Preliminary WASL scores out

  • Sarah Koenig<br>Enterprise writer
  • Monday, March 3, 2008 11:33am

At least 461 Shoreline School District sophomores have passed the Washington Assessment of Student Learning, or WASL. Hundreds of others who didn’t pass will — sigh — sign up for summer school or take extra classes next year and try again.

This is the first year 10th-graders statewide must pass the WASL to earn their diplomas as seniors, and many who didn’t pass may be nervous at the thought of having to do it all over again.

A number of factors — from WASL retakes to support classes to proposed alternate assessments — may help ease those jitters.

The numbers

At the Enterprise deadline, 461 sophomores — or 67 percent of those whose tests were tallied — passed all three sections of the WASL. 228 students didn’t pass.

The state released the preliminary scores this month.

The total number of district tests tallied was 689, but there are over 800 sophomores total. The remaining tests have yet to be verified, Potter said.

The percentages are only estimates, and the final results that come out in August will be different.

“In reading we’ve been increasing every year, in writing we had a huge gain, (and) in math a slight increase, but fairly flat compared to last year,” said Nina Potter, director of assessment and student information. “Compared to the rest of the state we’re doing fairly well.”

According to estimates, 10th grade reading scores jumped to 92 percent meeting standard from 83 percent last year. Writing saw an even bigger jump, to 92 percent this year from 74 percent last year.

In math, 66 percent of students met standard this year, compared with 65 percent last year.

The state had expected a 15 percent jump overall, as this was the first year the test was required to graduate, Potter said.

“The kids are more serious when they know they have to pass it for graduation,” she said.

Compared to 12 other local districts, Shoreline placed third in reading and writing, behind the Lake Washington and Northshore School districts and fourth in math, behind Lake Washington, Northshore and Bellevue.

WASL support classes

Students who didn’t meet standard on the WASL can retake the test four times at no cost. The first retakes are Aug. 7-10.

The district is offering free summer courses July 10 through Aug. 1 to help students who are just below standard pass the test.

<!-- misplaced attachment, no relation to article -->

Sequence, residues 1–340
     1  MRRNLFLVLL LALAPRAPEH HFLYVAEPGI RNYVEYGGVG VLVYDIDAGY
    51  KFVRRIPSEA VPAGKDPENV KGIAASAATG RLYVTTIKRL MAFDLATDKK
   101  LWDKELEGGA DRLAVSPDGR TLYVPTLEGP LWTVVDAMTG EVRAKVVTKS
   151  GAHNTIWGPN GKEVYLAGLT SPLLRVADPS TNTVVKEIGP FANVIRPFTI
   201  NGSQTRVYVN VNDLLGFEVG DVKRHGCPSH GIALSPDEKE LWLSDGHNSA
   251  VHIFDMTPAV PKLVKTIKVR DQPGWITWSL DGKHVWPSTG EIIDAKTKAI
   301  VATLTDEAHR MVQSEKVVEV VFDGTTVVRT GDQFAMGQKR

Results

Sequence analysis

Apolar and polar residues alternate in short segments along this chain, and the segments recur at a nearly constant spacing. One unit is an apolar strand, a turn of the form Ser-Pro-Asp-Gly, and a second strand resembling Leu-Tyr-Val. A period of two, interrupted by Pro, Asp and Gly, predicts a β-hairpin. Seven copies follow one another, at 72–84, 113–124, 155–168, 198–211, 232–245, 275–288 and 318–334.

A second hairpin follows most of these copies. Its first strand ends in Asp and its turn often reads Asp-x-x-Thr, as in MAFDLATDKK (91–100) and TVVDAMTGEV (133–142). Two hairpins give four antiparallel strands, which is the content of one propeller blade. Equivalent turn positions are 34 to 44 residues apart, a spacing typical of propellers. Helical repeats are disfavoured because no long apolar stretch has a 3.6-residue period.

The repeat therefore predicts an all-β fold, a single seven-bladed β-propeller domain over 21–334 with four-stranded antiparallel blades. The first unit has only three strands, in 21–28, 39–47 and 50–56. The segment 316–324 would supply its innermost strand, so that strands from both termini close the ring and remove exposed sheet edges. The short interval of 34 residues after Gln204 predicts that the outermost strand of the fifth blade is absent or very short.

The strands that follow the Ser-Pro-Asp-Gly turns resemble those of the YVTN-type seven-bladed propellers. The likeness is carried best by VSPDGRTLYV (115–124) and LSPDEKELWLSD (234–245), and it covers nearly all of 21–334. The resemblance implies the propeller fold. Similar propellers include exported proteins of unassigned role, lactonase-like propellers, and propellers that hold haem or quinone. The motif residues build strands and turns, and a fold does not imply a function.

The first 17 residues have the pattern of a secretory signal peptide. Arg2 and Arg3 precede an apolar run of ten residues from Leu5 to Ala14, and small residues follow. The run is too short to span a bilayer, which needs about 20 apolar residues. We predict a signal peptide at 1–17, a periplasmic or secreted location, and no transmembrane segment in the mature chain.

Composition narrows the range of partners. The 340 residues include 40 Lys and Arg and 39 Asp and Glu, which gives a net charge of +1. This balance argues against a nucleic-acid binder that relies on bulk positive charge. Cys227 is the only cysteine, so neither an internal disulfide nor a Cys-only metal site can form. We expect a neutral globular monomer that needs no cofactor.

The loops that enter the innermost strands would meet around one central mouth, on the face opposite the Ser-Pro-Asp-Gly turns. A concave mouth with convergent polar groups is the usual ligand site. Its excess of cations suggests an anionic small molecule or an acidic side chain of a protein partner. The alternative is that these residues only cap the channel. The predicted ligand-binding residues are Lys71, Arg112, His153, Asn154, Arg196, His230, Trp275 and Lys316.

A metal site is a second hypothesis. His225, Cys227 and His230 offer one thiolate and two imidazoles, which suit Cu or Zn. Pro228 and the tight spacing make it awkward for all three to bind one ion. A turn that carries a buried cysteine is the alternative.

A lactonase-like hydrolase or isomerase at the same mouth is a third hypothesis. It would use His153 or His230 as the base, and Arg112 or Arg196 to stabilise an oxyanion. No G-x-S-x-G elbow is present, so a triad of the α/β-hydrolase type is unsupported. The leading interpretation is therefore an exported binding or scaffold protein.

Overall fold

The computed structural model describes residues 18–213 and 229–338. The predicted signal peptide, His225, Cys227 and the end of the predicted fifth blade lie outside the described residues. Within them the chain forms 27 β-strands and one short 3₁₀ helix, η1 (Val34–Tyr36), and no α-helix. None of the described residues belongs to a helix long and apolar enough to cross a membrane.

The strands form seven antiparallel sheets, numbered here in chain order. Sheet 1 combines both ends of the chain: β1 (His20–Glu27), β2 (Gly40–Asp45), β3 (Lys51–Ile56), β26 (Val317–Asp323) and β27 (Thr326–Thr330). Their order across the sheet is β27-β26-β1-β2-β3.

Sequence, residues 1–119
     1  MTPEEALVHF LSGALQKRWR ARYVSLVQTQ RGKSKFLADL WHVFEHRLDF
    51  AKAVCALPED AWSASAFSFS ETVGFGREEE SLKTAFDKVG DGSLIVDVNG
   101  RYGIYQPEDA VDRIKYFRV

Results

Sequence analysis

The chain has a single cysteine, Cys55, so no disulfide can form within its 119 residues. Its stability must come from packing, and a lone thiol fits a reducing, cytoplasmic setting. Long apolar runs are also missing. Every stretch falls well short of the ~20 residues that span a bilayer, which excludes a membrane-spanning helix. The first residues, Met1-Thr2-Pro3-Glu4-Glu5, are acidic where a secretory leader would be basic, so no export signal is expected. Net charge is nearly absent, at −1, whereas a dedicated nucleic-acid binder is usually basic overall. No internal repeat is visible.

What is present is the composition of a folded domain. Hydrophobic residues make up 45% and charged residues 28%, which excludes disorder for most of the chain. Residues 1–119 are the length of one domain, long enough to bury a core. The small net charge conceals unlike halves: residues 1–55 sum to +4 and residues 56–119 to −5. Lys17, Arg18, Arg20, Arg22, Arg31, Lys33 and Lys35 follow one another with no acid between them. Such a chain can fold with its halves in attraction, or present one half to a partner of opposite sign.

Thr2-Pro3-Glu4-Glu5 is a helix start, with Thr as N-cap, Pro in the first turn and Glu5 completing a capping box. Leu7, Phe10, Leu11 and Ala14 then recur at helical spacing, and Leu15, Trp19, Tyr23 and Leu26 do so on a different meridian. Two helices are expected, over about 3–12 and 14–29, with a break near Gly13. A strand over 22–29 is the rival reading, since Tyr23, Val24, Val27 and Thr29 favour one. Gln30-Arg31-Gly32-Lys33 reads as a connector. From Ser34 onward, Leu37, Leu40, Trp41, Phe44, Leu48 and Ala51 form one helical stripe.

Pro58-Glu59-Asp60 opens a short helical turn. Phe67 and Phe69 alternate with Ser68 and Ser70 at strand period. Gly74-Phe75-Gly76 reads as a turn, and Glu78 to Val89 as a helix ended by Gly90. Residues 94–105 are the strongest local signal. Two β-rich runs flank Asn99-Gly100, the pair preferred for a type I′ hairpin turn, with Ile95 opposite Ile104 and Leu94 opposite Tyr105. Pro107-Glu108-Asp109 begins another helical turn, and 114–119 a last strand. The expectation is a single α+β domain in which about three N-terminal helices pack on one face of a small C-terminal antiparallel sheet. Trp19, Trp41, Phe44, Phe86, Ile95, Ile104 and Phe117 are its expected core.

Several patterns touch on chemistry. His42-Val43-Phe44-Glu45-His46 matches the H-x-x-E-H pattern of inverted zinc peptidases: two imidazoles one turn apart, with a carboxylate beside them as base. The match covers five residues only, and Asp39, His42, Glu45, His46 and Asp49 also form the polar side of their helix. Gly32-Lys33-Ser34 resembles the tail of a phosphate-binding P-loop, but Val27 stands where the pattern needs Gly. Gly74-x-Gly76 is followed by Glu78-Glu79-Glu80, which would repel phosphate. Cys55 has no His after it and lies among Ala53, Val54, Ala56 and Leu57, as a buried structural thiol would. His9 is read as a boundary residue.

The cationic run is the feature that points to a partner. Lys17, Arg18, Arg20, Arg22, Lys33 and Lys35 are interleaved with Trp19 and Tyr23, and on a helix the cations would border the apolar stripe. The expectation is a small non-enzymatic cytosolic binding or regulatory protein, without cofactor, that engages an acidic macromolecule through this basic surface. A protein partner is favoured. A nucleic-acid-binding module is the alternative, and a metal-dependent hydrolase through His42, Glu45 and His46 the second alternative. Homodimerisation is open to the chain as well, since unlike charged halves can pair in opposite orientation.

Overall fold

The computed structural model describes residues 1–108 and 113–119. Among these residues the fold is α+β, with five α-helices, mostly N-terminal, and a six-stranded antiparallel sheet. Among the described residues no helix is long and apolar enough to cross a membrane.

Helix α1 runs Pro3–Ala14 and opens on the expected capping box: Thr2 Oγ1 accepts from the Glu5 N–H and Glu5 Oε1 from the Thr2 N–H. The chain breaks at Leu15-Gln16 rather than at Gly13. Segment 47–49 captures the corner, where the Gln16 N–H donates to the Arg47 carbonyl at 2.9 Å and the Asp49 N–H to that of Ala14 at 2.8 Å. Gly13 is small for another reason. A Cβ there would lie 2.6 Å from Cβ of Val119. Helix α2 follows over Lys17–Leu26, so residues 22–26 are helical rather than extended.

“For sophomores who didn’t pass the WASL, we’re giving them the opportunity to improve their skills so they can pass the WASL in August,” said Linda Gohlke, director of curriculum, instruction and assessment for the district. “It’s for students just below standard.”

Students who are further below standard can take course offerings next year that could include before or after-school tutoring, Saturday classes and classes held during the school day.

The district is still working on those offerings.

“We’ll have to find lots of different times for students,” Gohlke said.

The classes will be funded with state money, through the Promoting Academic Success program. The district will receive about $20,000 for summer offerings and about $120,000 for support classes next year.

Alternate assessments

If students fail the test a second time, they could have the option of alternate assessments.

This year, the state legislature passed a law outlining what those assessments should look like. The details have yet to be worked out, but students who fail the WASL could still graduate on the basis of:

• A combination of their grades in applicable courses and their highest score on the WASL.

“Say a student doesn’t meet standard on the math test two times,” said Potter. “They look at the math classes they took and compare the grades with students (in those classes) who did pass the WASL.”

If the student has a grade equal to or above the mean of the grades of students in the same classes who passed the math section of the WASL, the student would be allowed to pass that portion of the WASL.

“Some students freeze on a test, but in math class there’s not the same anxiety,” Potter said.

•A collection of student work samples, or portfolio.

“The state will give us the guidelines for what kind of samples the students need to have,” Potter said.

The evaluation of the samples will be done at the state level and the standards will be as rigorous as the WASL standards, Potter said.

•A career and technical education collection of work samples with approved vocational certification.

•A passing math score on the PSAT, SAT or ACT.

The math portions of those tests can be used as a substitute for the math portion of the WASL, but the state hasn’t decided what score would be needed to meet standard, Potter said.

But in order for any student to take an alternate assessment, he or she must have first fulfilled a student learning plan.

“This year, any student who did not meet standard on the fourth or seventh grade WASL had to have a student learning plan,” Potter said.

The plan, individual for each student, addresses what the school, parents and the student will do to help the student meet standard.

That could mean meeting a certain attendance level or taking a special reading course.

“In order for them to take the alternatives, they have to show they’ve met remidiation in (the plan),” Gohlke said.

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